Unlike the features shown in the above two images, many systems on Mars do not show evidence of catastrophic flooding. Instead, they show a resemblance to drainage systems on Earth, where water acts at slow rates over long periods of time. As on Earth, the channels shown here merge together to form larger channels.
However, these valley networks are less developed than typical terrestrial drainage systems, with the Martian examples lacking small-scale streams feeding into the larger valleys. Because of the absence of small-scale streams in the Martian valley networks, it is thought that the valleys were carved primarily by ground water flow rather than by runoff of rain. Although liquid water is currently unstable on the surface of Mars, theoretical studies indicate that flowing groundwater might be able to form valley networks if the water flowed beneath a protective cover of ice. Alternatively, because the valley networks are confined to relatively old regions of Mars, their presence may indicate that Mars once possessed a warmer and wetter climate in its early history. (Image Credit: Calvin J. Hamilton; Caption: LPI)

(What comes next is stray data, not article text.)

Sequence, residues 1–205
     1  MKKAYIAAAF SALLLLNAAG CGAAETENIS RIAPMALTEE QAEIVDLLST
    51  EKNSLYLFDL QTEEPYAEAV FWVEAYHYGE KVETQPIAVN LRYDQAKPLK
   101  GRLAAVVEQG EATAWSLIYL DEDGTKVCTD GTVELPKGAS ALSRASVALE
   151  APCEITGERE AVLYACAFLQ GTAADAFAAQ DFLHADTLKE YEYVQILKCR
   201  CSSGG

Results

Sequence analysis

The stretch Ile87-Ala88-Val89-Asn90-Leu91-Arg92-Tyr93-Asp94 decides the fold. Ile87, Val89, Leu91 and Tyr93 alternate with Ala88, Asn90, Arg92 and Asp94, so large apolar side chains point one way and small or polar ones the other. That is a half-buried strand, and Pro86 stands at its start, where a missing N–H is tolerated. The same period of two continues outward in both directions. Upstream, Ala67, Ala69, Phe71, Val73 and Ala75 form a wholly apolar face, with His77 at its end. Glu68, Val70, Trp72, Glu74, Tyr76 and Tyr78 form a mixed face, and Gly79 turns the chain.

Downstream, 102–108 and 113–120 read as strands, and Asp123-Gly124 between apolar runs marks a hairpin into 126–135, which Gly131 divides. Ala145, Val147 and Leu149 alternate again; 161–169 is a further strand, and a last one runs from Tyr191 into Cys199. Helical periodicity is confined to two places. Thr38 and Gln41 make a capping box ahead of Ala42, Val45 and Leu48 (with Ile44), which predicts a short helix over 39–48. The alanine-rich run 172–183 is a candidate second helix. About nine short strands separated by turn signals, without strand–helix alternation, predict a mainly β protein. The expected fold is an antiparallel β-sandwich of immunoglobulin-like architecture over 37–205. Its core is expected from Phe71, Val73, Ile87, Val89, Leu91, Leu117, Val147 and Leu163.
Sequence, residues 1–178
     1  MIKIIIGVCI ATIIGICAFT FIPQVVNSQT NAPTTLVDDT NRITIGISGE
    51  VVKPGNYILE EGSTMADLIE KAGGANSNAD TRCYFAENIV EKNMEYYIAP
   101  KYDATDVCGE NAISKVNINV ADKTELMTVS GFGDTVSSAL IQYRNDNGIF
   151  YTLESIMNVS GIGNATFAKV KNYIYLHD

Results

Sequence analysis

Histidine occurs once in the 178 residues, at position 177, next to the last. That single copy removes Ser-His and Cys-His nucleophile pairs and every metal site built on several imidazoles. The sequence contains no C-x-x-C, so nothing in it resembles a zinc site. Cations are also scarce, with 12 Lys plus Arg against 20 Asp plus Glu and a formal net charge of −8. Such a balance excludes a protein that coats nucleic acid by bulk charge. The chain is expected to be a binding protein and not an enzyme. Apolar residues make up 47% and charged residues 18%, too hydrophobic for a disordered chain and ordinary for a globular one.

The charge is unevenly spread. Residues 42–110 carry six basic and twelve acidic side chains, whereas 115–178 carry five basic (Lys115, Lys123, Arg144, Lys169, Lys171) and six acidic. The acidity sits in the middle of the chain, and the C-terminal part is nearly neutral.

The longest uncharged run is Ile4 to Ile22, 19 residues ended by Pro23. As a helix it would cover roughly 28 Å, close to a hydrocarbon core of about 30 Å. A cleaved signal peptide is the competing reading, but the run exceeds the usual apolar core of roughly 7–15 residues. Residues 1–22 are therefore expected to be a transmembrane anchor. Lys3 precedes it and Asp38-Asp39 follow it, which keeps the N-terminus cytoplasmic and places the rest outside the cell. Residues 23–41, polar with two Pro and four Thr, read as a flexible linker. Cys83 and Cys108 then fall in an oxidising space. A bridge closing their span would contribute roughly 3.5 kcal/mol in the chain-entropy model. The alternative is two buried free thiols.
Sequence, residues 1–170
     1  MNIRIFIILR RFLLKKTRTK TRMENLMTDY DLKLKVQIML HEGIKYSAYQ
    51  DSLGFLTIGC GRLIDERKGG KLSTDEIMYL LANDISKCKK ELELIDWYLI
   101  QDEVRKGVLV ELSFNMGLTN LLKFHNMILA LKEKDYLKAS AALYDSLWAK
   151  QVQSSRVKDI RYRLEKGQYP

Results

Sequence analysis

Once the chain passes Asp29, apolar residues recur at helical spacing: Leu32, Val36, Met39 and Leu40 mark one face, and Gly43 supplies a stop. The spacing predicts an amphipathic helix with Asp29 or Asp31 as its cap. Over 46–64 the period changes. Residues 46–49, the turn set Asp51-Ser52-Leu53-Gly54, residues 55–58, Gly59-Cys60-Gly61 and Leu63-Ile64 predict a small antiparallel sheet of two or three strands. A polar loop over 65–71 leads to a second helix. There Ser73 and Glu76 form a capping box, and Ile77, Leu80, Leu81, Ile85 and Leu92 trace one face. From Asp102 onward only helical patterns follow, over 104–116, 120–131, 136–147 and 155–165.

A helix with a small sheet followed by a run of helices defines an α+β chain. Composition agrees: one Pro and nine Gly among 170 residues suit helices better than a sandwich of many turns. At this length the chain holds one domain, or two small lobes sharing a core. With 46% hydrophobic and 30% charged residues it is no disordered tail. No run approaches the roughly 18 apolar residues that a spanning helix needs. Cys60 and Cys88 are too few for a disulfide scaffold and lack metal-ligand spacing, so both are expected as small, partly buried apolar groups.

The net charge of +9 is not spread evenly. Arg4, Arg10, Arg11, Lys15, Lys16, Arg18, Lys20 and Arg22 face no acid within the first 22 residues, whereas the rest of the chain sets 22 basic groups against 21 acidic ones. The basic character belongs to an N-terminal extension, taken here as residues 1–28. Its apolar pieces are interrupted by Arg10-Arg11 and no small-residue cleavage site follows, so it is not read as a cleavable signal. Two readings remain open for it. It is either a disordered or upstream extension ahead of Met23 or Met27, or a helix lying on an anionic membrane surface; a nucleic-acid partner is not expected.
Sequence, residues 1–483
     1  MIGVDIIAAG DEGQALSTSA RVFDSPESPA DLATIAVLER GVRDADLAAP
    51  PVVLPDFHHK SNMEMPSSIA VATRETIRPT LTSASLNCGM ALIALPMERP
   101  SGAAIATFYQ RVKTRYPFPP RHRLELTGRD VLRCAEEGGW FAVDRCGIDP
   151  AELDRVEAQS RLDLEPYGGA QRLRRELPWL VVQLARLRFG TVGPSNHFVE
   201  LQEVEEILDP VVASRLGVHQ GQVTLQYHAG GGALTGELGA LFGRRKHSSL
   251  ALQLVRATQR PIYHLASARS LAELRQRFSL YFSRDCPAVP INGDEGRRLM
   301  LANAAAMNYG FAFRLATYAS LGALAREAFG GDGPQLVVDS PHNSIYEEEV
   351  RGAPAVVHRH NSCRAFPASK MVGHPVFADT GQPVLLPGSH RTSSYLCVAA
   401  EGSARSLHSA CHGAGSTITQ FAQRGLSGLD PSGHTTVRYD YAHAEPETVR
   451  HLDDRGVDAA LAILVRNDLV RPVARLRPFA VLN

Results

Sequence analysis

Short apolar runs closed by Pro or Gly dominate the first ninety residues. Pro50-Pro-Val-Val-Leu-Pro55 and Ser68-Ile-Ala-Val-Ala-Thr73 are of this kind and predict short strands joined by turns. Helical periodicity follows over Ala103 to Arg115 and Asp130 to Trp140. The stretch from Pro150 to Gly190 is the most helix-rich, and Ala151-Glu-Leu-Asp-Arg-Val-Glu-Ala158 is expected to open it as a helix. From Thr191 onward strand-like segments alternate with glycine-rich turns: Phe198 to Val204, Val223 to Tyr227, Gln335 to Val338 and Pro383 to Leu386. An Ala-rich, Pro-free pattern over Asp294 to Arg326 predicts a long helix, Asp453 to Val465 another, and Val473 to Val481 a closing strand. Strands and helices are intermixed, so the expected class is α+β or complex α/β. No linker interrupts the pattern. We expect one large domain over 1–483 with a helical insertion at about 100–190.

This image is Copyright © by Calvin J. Hamilton. Any commercial/for-profit use of this image needs to be addressed to Calvin J. Hamilton.